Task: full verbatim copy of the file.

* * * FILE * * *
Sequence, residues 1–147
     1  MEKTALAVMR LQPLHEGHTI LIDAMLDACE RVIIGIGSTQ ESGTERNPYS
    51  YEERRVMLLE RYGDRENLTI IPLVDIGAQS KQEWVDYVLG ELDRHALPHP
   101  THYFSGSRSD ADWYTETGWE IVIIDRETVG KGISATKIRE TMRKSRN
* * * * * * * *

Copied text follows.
Sequence, residues 1–147
     1  MEKTALAVMR LQPLHEGHTI LIDAMLDACE RVIIGIGSTQ ESGTERNPYS
    51  YEERRVMLLE RYGDRENLTI IPLVDIGAQS KQEWVDYVLG ELDRHALPHP
   101  THYFSGSRSD ADWYTETGWE IVIIDRETVG KGISATKIRE TMRKSRN